Well I read the discussion thread. I had no idea so much previous thinking had gone into this. Funny that there was so much discussion but no-one has really chimed in with an opinion about how I’ve built the authentication proxy - maybe everyone’s gun-shy. :-)
The only unresolved question for me coming out of all that is “where is it specified which users have access rights to carry out functions at a higher level than the list?”
It appears that such information is not part of the Mailman core user data model and needs to be handled outside Mailman core i.e. at the application level.
Personally I’d store such user information inside the Mailman core data model. Things start to look weird when application X has a different mechanism for deciding who can do admin tasks to application Y. Maintaining such info outside the core also calls for user database synchronisation which would be good to avoid. But I don’t really mind I’m just trying to get a secure way of deciding which users to allow to do higher-than-list-level functions.
My options are:
1: eliminate public access to all functions that operate higher than list level 2: bake my own additional level of user authentication that defines which users have higher level access rights. 3: find a cheat/workaround to store arbitrary keys against users (this my preferred solution) 4: something else
Option 1 drastically reduces the usefulness of the interface if only list level functions can be executed. Not ideal. Option 2 I would prefer to avoid - my authentication proxy doesn’t actually know much about Mailman at an application level - all it does is authorise and authenticate and pass through requests to Mailman if the user is allowed to do it, and reject them if not. Option 3: find some sort of cheat/workaround - preferablyt a way to store additional user information in a user profile field which allows storage of arbitrary keys. Then I could stash some access control information in there that tells me that user X or user Y has some higher level access control. This would have to be do-able via the Mailman REST interface cause it’s the only way that I talk to the system. The ability to store arbitrary key/value information against a user would be the ideal outcome at this stage. Option 4: - other ideas?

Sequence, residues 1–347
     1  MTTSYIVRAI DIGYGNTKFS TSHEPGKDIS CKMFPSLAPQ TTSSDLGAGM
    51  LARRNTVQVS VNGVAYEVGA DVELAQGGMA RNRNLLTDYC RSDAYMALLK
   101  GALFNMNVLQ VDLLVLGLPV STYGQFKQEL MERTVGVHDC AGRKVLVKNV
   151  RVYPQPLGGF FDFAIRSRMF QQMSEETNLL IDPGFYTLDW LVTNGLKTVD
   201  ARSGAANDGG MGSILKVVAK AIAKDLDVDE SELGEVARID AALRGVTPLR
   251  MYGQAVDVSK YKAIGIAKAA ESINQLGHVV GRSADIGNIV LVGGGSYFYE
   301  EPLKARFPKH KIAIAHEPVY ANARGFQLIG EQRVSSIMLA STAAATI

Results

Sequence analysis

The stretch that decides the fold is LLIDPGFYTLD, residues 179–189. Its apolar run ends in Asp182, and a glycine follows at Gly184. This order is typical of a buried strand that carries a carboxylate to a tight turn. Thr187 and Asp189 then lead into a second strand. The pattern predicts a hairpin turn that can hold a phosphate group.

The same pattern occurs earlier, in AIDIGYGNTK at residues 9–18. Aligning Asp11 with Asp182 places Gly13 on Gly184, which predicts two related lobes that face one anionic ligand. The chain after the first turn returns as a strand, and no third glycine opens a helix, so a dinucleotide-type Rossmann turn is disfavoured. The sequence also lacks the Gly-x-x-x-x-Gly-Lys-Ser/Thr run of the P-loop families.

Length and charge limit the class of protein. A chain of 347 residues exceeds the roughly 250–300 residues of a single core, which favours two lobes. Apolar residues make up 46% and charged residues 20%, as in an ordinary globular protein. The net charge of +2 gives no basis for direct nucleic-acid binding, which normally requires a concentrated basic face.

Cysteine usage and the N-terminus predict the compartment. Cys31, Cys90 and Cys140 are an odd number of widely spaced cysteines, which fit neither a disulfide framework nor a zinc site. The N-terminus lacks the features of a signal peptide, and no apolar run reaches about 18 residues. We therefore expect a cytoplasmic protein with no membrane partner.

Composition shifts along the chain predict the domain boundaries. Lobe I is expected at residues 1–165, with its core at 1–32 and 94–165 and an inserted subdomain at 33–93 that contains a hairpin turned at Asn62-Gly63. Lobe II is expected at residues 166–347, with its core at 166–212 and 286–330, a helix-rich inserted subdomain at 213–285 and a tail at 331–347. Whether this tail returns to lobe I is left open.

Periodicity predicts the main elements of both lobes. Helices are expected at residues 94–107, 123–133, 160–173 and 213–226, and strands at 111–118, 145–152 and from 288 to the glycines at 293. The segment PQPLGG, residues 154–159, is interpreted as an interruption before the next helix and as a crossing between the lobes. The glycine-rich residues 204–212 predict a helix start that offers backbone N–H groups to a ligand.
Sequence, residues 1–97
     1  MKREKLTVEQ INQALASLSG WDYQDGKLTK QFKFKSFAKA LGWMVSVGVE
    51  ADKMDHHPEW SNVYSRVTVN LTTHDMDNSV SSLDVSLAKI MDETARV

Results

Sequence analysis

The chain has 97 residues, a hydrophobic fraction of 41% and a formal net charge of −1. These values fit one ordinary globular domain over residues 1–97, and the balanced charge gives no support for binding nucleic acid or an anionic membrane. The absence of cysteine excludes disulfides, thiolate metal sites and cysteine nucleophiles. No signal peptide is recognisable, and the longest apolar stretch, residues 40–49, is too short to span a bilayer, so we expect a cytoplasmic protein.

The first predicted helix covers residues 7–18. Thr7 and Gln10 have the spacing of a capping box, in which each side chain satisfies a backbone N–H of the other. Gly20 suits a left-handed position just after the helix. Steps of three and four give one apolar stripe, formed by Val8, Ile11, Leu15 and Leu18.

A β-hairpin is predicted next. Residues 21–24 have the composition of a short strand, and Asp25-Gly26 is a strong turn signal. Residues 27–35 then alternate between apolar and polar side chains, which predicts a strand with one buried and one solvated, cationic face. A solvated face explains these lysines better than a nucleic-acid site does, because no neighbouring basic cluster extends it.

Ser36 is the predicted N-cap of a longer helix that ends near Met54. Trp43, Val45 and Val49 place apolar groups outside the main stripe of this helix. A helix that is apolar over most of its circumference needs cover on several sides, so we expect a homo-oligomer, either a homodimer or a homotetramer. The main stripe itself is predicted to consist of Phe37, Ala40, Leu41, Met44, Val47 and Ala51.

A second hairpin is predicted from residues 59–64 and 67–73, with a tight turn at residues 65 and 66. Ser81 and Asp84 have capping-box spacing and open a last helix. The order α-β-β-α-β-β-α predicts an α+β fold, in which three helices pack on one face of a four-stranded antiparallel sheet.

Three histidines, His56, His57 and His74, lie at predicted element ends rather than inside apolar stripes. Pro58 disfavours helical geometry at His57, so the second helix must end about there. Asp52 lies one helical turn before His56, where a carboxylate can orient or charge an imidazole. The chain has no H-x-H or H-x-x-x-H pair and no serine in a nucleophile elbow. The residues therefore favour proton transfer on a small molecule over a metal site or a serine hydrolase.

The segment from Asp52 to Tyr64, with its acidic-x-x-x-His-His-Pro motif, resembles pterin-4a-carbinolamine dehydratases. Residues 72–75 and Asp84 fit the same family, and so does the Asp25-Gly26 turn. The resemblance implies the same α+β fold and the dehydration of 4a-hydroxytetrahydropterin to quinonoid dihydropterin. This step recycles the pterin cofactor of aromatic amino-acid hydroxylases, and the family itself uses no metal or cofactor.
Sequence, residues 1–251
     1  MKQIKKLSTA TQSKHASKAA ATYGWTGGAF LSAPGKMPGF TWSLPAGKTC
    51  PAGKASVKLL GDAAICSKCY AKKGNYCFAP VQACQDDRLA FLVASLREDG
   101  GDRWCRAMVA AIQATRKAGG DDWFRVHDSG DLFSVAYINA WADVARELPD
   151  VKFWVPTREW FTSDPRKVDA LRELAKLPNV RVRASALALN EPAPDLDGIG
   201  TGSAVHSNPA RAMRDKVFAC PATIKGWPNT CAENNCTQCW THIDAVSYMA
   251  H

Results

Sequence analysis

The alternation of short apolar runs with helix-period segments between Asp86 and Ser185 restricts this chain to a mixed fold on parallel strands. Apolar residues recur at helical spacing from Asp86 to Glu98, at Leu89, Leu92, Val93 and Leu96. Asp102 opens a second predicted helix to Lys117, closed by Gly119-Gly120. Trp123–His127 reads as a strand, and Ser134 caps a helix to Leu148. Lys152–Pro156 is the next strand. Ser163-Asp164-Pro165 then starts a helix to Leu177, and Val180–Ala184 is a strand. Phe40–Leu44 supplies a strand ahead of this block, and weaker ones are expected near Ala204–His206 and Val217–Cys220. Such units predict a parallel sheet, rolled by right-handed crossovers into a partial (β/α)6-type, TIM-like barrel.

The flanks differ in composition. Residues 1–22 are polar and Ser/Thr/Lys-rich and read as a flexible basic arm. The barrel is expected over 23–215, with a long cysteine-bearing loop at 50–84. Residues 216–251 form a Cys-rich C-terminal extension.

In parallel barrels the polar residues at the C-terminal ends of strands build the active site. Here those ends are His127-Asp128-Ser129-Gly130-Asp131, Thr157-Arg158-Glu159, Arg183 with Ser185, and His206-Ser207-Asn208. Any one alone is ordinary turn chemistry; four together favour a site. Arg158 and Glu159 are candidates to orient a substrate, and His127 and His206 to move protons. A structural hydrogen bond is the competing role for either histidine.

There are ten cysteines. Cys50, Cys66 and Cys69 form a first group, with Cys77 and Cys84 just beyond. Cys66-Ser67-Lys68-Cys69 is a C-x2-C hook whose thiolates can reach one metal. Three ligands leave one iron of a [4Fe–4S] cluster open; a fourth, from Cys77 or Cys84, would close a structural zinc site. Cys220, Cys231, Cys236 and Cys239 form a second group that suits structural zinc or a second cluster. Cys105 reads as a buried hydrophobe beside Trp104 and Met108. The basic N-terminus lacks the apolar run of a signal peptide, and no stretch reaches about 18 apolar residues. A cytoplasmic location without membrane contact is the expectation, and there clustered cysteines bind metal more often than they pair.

Does anyone know if there is a way to do Option 3 currently?
On 25 Jan 2015, at 7:37 am, Terri Oda firstname.lastname@example.org wrote:
On 2015-01-24, 5:08 AM, Andrew Stuart wrote:
you can look back in the archives to the huge discussion we had about unifying the user data store..
Is there search to find that discussion or do I have to manually review all the threads? Any idea what year it was in?
The data store discussion was I think two years ago around the time of pycon. I started it with a thread entitled "Architecture for extra profile info"
(As Sumana says, mail-archive is usually the best bet for searching the mailman archives. I searched locally, though.)
But I'm serious that it's only worth reading if you're incredibly bored. It became a huge architecture discussion that only ended on the lists with an "agree to disagree." (and I got bombarded with further comments about it on IRC for months after the list discussion ended, so I'm actually kind of still cranky about it.)
I think it's still a thing we need to look in to more seriously, but be warned that it's a topic folk have been passionate about in the past, to the point where progress was not made. On the other hand, one of the people involved in that discussion has moved on to other things and the rest of us do collaborative work together more frequently, so it might be easier to reach a solution now.
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